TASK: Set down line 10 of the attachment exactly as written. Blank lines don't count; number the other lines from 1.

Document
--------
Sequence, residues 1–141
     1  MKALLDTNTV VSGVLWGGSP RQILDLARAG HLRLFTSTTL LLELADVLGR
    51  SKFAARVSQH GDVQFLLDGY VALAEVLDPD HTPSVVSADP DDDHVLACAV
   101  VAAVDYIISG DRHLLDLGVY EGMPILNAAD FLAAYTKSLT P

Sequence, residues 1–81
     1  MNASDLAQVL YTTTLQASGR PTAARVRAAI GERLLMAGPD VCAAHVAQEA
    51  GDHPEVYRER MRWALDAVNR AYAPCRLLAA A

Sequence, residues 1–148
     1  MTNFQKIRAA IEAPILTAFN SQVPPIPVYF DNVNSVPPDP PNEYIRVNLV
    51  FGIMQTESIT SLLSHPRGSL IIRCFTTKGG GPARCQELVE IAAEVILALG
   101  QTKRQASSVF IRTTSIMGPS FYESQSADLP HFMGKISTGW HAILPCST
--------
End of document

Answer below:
    51  FGIMQTESIT SLLSHPRGSL IIRCFTTKGG GPARCQELVE IAAEVILALG